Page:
The Donald unites the nation with a soaring, eloquent inaugural address, which draws crowds larger than ever imagined by man or beast. The mall, fouled with many human footprints and empty fast-food wrappers, becomes a symbol of a nation soiled by too many liberal Democrats. Chuck and Nancy engage in a plot to kidnap orphans and sell their spleens to pay for Medicare.

Episode Two: "Alternative Facts"
Presidential advisor Kellyanne Conway stuns and awes the populace with a newly-coined phrase. The Donald chastises Spicey over his poor wardrobe choices. Eric shoots a magnificent lion. Melania engages in fisticuffs with a rogue WH staff member, and upsets the tea service. Barron retires unto a closet where he still awaits for someone to come get him out.

Episode Three: "Rise, Frederick, Rise!"
The Donald invokes the spirit of long-dead Frederick Douglass, inspiring a nation of young African-American men and women to don MAGA hats and follow his Twitter feed with acclaim. Jared makes progress with the Kremlin, and Mitch McConnell's face grows 73% droopier. Paul Ryan gets an unexpected handjob.

Episode Four: "Your Ratings Are Rather Poor"
During a prayer breakfast, the Donald demonstrates his Christian values while he simultaneously savages the career of Arnold Schwarzenegger. Nordstrom drops Ivanka's clothing line, leading to a massive boycott and an almost-complete shutdown of the economy and the train lines. Conway saves the day with a selfless ethics violation. Spicey renews investors' faith in Wrigley's gum products by gnawing 56 sticks in as many minutes.

Episode Five: "Tapp This!"
Notorious foreign-born black dude, Obama, is caught red-handed tapping Trump's phone lines, and is excluplutated to Mexico, homes of rapists and a few good folk. Donald Jr. wrassles a snake. Hillary is caught mangling multiple email accounts. Eric shoots a giraffe. Tiffany makes a surprise appearance. The economy comes to a halt due to Obama's prior machinations. As a result, we are now 1.4 trillion dollars more in debt! "Thank eww, Democrats, for doing nothink but badnesses in the name of poor and sadly uninformed and ill-dressed poeples," says Ivanka. "Thenks to the dreary democrats."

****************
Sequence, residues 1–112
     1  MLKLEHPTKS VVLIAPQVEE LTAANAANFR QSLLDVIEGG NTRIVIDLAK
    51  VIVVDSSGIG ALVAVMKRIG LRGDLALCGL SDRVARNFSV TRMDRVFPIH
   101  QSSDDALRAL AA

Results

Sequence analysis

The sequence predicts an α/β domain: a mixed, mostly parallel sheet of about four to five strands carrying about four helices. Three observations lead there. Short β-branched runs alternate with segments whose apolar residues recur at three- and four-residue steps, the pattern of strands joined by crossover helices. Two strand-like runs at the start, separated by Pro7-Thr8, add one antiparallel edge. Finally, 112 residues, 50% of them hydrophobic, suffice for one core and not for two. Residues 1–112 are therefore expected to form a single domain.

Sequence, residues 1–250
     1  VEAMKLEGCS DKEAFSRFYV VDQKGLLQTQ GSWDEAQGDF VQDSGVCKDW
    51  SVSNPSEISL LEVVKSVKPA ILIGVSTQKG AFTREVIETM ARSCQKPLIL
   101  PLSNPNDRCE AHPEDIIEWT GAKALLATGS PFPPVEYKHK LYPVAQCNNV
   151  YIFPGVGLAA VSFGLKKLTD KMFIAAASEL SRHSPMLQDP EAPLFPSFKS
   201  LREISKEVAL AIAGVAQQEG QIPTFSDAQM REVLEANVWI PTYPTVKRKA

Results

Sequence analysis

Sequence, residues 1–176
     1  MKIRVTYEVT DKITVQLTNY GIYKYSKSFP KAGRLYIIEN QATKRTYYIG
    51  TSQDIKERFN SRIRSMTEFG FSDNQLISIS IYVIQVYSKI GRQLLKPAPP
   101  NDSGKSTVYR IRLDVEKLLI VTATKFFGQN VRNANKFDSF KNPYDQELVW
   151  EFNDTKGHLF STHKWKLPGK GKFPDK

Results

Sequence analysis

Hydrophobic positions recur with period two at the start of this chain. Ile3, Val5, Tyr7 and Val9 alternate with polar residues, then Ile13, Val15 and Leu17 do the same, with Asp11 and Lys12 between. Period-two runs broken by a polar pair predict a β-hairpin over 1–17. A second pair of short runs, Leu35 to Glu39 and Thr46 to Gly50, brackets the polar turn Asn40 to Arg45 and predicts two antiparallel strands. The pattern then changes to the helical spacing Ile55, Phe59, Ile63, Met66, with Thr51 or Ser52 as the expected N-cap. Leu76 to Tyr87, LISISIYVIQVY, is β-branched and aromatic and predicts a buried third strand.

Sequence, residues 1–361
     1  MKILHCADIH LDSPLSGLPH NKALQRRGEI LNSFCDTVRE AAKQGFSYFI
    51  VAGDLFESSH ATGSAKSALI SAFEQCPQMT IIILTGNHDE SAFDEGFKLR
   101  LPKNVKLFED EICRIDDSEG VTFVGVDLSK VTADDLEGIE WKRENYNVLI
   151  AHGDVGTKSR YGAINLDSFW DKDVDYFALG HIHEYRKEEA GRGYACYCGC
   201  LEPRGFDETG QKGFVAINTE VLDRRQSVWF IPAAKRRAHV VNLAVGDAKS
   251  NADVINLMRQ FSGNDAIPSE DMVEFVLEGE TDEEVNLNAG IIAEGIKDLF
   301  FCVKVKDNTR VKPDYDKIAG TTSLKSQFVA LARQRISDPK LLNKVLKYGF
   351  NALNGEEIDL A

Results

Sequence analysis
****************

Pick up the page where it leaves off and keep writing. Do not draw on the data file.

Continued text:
Episode Six: "The Mooch"
The Donald obstructs justice, but with jazz hands. James Comey perfects his ice-skating routine. Anthony Scaramucci delivers a searing and uplifting speech, and is subsequently fired for poor footwear. Ivanka tries on new shoes. Melania is fitted for a new outfit. Don Jr. and Eric work on their collusion strategy, and attempt a high-five, with poor results. Several national monuments become limited, due to their unfortunate life choices.

Episode Seven: "It's Mueller Time!"
The Donald visits storm-battered Puerto Rico, where he tosses cans of tuna, cartons of eggs, and rolls of napkins at the poor, to much acclaim and some head injuries. Mueller closes in and indicts Flynn, Manafort, and Papadopoulus. The latter is recognized as a "very brief little wee piddling underling and perhaps coffee boy in his Majesty's court." "He perhaps once brought us an herring," says Ivanka. "'Twas a very small herring."

Episode Eight:"Rocket Boy"
Regretting his early  months as being "soft," the Donald engages in a war of words with North Korea. "Little Rocket Man" responds by firing a payload of nuclear weapons at an unnamed place in the ocean. Eric bets on a horse. Don Jr. retains new attorneys. Melania purchases new real estate, banking on the planned tax bill to come. Obama windsurfs and sports new board shorts.

Episode Nine: "God Bless the United Schstateshsh"
After the Donald's dentures come unhinged during a speech, his dentist is brought in for a routine waterboarding. Melania researches vacation spots. The IRS continues their unjust audit of Trump's taxes. but promise to keep the audit going "as long as you are King, mine seigneur." Don Jr. and Eric shoot an infirm water buffalo. Melania adjusts Barron's bowtie. Kellyanne retains a new math tutor for brothers Eric and Don Jr.